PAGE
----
Command and Control -- Nuclear Weapons, the Damascus Accident, and the Illusion of Safety by Eric Schlosser, Penguin '13, $36, 632 pages, ASIN #1594202273. Index, bibliography, notes, unillustrated.
"How do you deploy weapons of mass destruction," author Eric Schlosser writes, "without being destroyed by them?" His new book is a sobering corrective to the notion that the nuclear age is history.
"Written with the vibrancy of a first-rate thriller, Command and Control interweaves the minute-by-minute story of an accident at a nuclear missile silo in rural Arkansas with a historical narrative that spans more than fifty years," according to the author, who wrote the prize-winning Fast Food Nation and Reefer Madness.
Schlosser's focus is "the urgent effort by American scientists, policy makers, and military officers to ensure that nuclear weapons cannot be stolen, sabotaged, used without permission, or detonated inadvertently." He also recounts stories of bomber pilots, missile commanders, maintenance crews, and other ordinary servicemen who risked their lives to avert a nuclear holocaust.
Eric Schlosser's work has appeared in The Atlantic Monthly, Rolling Stone, The New Yorker, Vanity Fair, and The Nation.
The Internal Enemy -- Slavery and War in Virginia, 1772-1832, The Internal Enemy by Alan Taylor, Norton '13, $35, 605 pages, ASIN #0393073718. Index, bibliography, notes, b&w images sprinkled through text.
Acclaimed historian Alan Taylor sets his gripping tale in early 19th century Virginia, where market-minded capitalists were challenging the old colonial elite, and the landed gentry fought to preserve its privilege against a rising tide of enfranchised commoners. But underlying it all was the issue of slavery, a half-century before the Civil War supposedly set it to rest.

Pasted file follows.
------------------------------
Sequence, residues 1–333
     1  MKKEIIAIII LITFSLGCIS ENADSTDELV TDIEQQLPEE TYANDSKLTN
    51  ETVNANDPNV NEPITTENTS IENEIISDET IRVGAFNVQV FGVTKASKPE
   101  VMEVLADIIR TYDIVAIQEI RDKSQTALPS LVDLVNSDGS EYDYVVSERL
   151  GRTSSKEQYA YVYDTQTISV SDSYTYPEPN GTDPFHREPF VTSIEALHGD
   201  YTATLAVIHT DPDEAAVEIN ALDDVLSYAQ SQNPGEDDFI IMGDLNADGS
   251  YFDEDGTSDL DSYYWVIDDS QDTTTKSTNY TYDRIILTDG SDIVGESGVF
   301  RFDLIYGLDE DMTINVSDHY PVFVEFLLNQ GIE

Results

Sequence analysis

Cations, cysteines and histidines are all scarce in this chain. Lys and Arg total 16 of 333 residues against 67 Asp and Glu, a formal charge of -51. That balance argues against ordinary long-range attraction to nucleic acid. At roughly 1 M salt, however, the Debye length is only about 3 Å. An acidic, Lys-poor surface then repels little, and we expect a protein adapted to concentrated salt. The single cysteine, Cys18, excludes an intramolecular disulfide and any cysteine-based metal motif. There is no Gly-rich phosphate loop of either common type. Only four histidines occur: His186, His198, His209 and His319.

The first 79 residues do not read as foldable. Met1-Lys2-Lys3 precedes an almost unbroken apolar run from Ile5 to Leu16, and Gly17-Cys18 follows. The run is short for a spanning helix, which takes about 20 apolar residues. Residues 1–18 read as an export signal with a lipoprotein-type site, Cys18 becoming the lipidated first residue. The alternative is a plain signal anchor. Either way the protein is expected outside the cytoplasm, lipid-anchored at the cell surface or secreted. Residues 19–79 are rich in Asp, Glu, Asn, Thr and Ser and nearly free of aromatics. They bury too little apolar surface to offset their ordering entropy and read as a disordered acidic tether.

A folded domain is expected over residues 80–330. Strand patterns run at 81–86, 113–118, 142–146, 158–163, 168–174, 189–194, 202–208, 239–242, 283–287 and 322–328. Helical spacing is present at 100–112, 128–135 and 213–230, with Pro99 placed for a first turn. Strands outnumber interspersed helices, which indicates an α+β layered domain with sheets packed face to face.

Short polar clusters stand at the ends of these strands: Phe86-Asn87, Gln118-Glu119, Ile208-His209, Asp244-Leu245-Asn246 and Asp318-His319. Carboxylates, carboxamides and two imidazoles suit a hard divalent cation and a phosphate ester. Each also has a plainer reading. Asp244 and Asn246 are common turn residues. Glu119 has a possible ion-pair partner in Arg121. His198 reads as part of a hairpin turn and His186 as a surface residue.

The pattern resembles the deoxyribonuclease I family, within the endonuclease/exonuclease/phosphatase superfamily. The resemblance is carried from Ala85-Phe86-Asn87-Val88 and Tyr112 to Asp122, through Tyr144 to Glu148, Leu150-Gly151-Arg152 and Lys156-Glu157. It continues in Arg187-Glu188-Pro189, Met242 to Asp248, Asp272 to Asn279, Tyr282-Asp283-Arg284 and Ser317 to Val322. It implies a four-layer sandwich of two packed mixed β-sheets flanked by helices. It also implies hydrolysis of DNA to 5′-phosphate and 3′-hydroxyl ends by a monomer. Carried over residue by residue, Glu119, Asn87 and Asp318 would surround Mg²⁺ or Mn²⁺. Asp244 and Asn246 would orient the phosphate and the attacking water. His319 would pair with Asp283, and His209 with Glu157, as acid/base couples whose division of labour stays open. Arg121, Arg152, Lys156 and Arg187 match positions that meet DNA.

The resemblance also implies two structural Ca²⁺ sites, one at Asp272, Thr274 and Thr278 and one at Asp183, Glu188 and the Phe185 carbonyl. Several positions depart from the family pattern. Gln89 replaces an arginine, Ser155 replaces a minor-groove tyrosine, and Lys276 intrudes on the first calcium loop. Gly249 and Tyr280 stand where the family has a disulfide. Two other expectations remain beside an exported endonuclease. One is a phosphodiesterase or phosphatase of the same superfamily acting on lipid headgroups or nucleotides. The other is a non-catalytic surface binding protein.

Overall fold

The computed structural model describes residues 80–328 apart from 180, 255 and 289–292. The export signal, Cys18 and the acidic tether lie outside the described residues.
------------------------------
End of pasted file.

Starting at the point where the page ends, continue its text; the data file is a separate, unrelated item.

"White Virginians came to see the slaves in their homes and neighborhoods as a dangerous powder keg: a conquered race that could become a vengeful army at any moment," Taylor writes, recounting how the War of 1812 caused relations between America and Britain to reach the boiling point.
"For Virginian slaves it was an escape route: British law held that any person on British soil was necessarily a free citizen, and British commanders considered British vessels British soil. What followed amounted to the single greatest slave revolt in U.S. history....While America and Britain fought, freedmen dared the fatal wrath of their former masters to rescue family, lovers, and friends, and avenge themselves against the tyranny of slavery."
University of Virginia historian Alan Taylor is the recipient of both the Pulitzer and Bancroft prizes for his histories of early America.
Gabrielle d'Annunzio -- Poet, Seducer, and Preacher of War by Lucy Hughes-Hallett, Knopf '13, first U.S. edition. $35, 589 pages, ASIN #0307263932. Index, select bibliography, notes, b&w images sprinkled through text.
From the dust jacket:
"Daring night flight missions, dropping bombs and propaganda out of early airplanes. Bloodthirsty orations, inciting a people to war. Trysts with countless women, including the great actress Eleonora Duse. Writing books and plays that moved thousands of young men to begin to dress, smoke, speak, and walk like fictional characters. The creation of a Dionysian paradise, with pleasure and literature at its heart. Here is Lucy Hughes-Hallett's volatile and fascinating life of Gabriele d'Annunzio, the poet, bon vivant, and virulant nationalist who prefigured Mussolini and the rise of Italian fascism.
"Gabriele d'Annunzio was Italy's premier poet at a time when poetry mattered enough to trigger riots. A brilliant self-publicist in the first age of mass media, he used his fame to sell his work, seduce women, and promote his extreme nationalism. In 1915, d'Annunzio's incendiary oratory helped drive Italy to enter the First World War, in which he achieved heroic status as an aviator.
"At once an aesthete and a militarist, d'Annunzio wrote with equal enthusiasm about Fortuny gowns and torpedoes, and enjoyed making love on beds strewn with rose petals as much as risking death as an aviator."
Cultural historian and critic Lucy Hughes-Hallett is the author of Heroes: A History of Hero Worship and Cleopatra: Histories, Dreams, and Distortions. She was TV critic for the Evening Standard for five years. She lives in London.